Maybe it's the call of the conch shell signaling the nightly lighting of the torches along the beach, or the melodious strumming of a ukulele.

Or it could be the romantic history of Oahu, known as the Gathering Place, where in 1810, the warrior Kamehameha succeeded in uniting all the islands, becoming King Kamehameha the Great.

It wasn't an easy conquest. In 1795, after conquering Hawaii, Maui and Molokai, he met his enemy, Oahu chieftain Kalanikupule, on the windswept slope of the Nu'uanu Pali, resulting in a fierce battle where many of the combatants were sent hurtling to their deaths over the 1,000-foot cliff. After that fierce display of warfare, the last remaining island — Kauai — surrendered to Kamehameha without a fight.

If you visit the Pali lookout today, you'll get a sense of its bloody past, but you'll also get one of the most breathtaking views on the island.

The best place to learn about Kamehameha and the other Hawaiian monarchs (Hawaii had a monarchy until 1893, when the reigning Queen Lili'uokalani was deposed in an illegal coup by the United States military) is in the magnificent Hawaiian Hall of the Bishop Museum.

Reopened in 2009 after an extensive renovation, the museum is spread over three floors and chronicles the Hawaiian experience. The first floor is dedicated to the Kai Akea, or Hawaiian gods, the second represents the land and nature in daily life, and the third examines the lives of the islands' kings and queens and the tumultuous events shaping Hawaiian history.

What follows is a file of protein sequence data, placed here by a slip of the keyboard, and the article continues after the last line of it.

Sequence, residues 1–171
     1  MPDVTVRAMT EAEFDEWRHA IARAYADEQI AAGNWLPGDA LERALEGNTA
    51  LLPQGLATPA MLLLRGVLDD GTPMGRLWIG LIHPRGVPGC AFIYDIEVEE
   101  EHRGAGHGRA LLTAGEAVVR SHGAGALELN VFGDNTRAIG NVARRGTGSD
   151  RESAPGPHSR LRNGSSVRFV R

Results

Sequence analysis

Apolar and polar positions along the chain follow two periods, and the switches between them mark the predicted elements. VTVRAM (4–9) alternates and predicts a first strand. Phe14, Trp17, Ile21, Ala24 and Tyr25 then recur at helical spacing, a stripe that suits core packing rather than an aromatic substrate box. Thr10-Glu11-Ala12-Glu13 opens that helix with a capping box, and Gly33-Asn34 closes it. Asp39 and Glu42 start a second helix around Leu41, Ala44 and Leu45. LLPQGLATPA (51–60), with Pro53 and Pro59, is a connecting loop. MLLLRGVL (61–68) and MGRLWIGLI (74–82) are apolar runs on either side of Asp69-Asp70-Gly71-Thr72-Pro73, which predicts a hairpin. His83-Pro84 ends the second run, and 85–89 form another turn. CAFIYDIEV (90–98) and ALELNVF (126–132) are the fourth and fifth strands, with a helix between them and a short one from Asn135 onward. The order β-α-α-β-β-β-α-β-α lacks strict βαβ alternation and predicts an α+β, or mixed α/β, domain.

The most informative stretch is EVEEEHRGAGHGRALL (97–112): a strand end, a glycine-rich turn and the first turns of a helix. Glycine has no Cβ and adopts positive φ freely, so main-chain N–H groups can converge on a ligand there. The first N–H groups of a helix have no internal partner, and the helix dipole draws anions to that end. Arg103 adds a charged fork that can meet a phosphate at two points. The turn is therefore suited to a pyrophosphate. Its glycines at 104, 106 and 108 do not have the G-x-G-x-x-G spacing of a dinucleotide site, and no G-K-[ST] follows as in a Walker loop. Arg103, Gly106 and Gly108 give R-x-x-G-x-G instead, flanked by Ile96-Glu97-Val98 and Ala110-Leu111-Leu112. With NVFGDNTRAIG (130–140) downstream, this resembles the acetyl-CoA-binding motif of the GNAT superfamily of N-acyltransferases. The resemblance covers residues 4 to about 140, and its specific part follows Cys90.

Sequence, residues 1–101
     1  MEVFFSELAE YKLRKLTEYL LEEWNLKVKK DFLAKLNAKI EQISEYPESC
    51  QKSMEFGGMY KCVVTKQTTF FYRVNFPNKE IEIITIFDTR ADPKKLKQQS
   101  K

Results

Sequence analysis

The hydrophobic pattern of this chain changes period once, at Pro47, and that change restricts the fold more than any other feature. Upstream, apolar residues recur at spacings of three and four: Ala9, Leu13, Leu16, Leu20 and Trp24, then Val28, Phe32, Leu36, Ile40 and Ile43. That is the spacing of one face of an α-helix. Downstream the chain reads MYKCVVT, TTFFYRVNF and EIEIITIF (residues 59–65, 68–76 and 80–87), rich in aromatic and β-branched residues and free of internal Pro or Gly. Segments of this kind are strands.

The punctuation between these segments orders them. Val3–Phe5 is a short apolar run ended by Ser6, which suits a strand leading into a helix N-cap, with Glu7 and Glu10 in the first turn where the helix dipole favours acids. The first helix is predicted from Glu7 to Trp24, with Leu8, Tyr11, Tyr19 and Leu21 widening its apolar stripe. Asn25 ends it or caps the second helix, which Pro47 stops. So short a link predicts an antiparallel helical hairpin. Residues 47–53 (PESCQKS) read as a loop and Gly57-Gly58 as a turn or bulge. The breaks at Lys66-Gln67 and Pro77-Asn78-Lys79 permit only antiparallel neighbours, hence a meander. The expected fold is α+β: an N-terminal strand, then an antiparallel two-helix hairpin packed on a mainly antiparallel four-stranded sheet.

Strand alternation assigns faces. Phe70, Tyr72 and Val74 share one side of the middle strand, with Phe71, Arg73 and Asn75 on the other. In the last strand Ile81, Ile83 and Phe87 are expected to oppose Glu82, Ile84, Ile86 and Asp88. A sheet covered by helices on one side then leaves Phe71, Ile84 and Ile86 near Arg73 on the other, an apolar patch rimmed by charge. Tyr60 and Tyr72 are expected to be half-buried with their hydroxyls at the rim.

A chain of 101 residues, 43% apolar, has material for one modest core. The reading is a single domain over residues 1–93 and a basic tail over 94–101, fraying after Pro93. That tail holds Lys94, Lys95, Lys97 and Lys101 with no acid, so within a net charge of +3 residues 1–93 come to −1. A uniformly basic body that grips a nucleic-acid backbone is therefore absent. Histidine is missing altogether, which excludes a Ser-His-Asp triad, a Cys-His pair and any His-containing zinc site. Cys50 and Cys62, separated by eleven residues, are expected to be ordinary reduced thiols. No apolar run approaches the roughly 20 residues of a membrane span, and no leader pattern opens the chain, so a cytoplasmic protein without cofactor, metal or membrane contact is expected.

If you lean more toward military history, a tour of the battleship Missouri is just the ticket. Understandably, most visitors flock to the Arizona Memorial (now enhanced by a new visitors center), but it's worthwhile to spend a few hours aboard the "Mighty Mo."

Part of the force that carried out bombing raids over Tokyo and provided firepower in the battles of Iwo Jima and Okinawa, the Missouri is best known as the site of Japan's unconditional surrender to Gen. Douglas MacArthur and the Allied forces on Sept. 2, 1945.

These days, it's also a film star, as the setting for Battleship, the movie based on the naval combat game. The movie will open in theaters later this year.

The Arizona Memorial is free, but history buffs might want to buy the passport to Pearl Harbor, $65 for adults and $35 for children. The two-day pass includes, in addition to the official audio tour of the Arizona Memorial, admission to the battleship Missouri, the USS Bowfin Submarine Museum and the Pacific Aviation Museum.

A cinematic paradise